The Classics Club

51 Classics (and counting) in 5 Years

The Classics Club

I decided to join The Classics Club. I’ve made a list of books that I would like to read by November 2018. Some of the books are re-reads, some are books I’ve been meaning to read for a long time already, and some are books I have never heard of before (ahem). I started with a list of 51 books, but it keeps growing. It’s quite fun to see where this is going. Here is my list, alphabetical by author:

  1. Abe, Kobo, The Woman in the Dunes
  2. Adams, Richard, Watership Down
  3. Alcott, Louisa May, Little Women (read 2/16)
  4. Arendt, Hannah, Rahel Varnhagen: The Life of a Jewess
  5. Atwood, Margaret, The Handmaid’s Tale
  6. Austen, Mary, The Land of Little Rain
  7. Boell, Heinrich, Group Portrait with Lady
  8. Bowen, Elizabeth, To the North
  9. Bradbury, Ray, Fahrenheit 451
  10. Brittain, Vera, A Testament of Youth
  11. Brontë, Anne, The Tenant of Wildfell Hall (read 12/13)
  12. Buchan, John, The Thirty-Nine Steps
  13. Bulgakov, Mikhail, The Master and Margarita
  14. Burnett, Frances Hodgson, The Secret Garden
  15. Burney, Frances, Cecilia
  16. Cather, Willa, Death Comes for the Archbishop (read 3/14)
  17. Cather, Willa, My Mortal Enemy (read 12/14)
  18. Cather, Willa, One of Ours
  19. Chopin, Kate, The Awakening (read 5/17)
  20. Christie, Agatha, 4:50 to Paddington (read 2/17)
  21. Christie, Agatha, Nemesis (read 3/17)
  22. Cleland, John, Fanny Hill (read 6/17)
  23. Collins, Wilkie, The Woman in White
  24. Dahl, Roald, James and the Giant Peach (read 9/14)
  25. Dahl, Roald, Matilda (read 7/14)
  26. Dickens, Charles, A Christmas Carol (read 12/14)
  27. Droste-Hülshoff, Annette von, The Jew’s Beech Tree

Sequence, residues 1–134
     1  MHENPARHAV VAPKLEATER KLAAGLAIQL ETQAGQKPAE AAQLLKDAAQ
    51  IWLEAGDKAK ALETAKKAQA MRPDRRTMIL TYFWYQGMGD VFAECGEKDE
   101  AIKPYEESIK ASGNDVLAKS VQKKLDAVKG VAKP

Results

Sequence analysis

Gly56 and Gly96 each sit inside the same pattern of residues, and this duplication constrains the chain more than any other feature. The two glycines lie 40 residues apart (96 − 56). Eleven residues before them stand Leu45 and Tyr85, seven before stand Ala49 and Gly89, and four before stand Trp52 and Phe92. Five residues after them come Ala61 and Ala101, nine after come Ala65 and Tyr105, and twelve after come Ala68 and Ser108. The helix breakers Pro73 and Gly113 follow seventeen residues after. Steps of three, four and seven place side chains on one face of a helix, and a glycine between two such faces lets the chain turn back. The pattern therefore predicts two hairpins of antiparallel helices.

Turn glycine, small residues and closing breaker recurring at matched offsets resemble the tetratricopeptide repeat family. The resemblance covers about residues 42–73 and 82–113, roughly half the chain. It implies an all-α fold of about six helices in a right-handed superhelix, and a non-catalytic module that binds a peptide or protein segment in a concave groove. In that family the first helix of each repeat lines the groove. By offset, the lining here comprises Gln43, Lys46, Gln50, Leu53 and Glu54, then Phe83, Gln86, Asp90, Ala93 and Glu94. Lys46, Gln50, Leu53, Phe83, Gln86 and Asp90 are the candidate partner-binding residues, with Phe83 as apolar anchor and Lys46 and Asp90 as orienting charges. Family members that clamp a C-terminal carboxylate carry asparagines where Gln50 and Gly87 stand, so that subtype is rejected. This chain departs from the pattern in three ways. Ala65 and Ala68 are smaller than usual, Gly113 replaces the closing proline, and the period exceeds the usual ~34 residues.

(read 11/15)
  28. du Maurier, Daphne, Rebecca
  29. Dumas, Alexandre, The Black Tulip
  30. Dunbar, Paul Laurence, The Sport of the Gods (read 2/14)
  31. Duras, Marguerite, The War (read 4/17)
  32. Edgeworth, Maria, Belinda
  33. Endo, Shusaku, Silence
  34. Fallada, Hans, Every Man Dies Alone
  35. Flaubert, Gustave, Madame Bovary, Part I, Part II, Part III (read 4/14)
  36. Forster, E.M., A Room with a View (read 3/14)
  37. Gaskell, Elizabeth, North and South
  38. Gaskell, Elizabeth, Cranford (read 6/17)
  39. Greene, Graham, The End of the Affair (read 1/15)
  40. Hardy, Thomas, Tess of the d’Urbervilles
  41. Hemingway, Ernest, A Moveable Feast (read 1/14)
  42. Hemingway, Ernest, A Farewell to Arms
  43. Hemingway, Ernest, The Old Man and the Sea (read 7/14)
  44. Hesse, Herman, Siddharta (read 3/14)
  45. Hughes, Dorothy B., In a Lonely Place (read 10/16)
  46. Ishiguro, Kazuo, The Remains of the Day
  47. Jackson, Helen Hunt, Ramona
  48. Jackson, Shirley, The Haunting of Hill House (read 9/14)
  49. Jackson, Shirley, We Have Always Lived in the Castle (read 10/14)
  50. Jerome, Jerome K., Three Men in a Boat
    (read 10/15)
  51. Jewett, Sarah Orne, The Country of the Pointed Firs
  52. Kawabata, Yasunari, Thousand Cranes
  53. Kerouac, Jack, On the Road
  54. Kleist, Heinrich von, The Marquise of O (read 3/15)
  55. Lagerlöff, Selma, The Wonderful Adventures of Nils